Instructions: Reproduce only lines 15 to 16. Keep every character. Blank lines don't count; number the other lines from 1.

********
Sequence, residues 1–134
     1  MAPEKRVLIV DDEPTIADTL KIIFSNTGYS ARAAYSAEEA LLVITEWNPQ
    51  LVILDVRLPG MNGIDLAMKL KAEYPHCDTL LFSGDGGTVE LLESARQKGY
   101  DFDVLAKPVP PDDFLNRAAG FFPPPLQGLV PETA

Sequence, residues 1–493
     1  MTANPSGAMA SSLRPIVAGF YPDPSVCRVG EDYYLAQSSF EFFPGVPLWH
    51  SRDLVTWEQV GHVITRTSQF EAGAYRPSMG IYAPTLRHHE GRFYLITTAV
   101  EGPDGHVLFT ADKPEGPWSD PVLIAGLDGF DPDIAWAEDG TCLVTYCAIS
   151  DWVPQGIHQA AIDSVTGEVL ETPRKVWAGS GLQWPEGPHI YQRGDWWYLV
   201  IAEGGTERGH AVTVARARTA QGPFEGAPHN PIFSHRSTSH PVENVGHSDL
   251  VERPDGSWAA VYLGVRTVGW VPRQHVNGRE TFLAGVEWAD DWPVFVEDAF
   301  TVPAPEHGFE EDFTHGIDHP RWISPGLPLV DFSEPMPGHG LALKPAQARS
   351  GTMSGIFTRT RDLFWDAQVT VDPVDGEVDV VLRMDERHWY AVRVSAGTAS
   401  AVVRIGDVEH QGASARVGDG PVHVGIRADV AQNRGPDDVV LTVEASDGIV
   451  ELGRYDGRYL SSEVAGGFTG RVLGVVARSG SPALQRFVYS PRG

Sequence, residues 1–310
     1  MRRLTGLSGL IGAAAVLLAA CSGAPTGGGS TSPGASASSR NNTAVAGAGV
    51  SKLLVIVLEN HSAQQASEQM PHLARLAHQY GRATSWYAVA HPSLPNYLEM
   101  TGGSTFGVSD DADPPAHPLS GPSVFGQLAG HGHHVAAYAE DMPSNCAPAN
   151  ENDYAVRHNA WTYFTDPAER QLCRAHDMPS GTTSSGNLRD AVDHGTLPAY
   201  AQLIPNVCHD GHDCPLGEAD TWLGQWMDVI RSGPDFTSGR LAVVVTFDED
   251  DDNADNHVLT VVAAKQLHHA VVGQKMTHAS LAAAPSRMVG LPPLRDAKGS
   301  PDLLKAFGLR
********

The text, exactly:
   451  ELGRYDGRYL SSEVAGGFTG RVLGVVARSG SPALQRFVYS PRG

Sequence, residues 1–310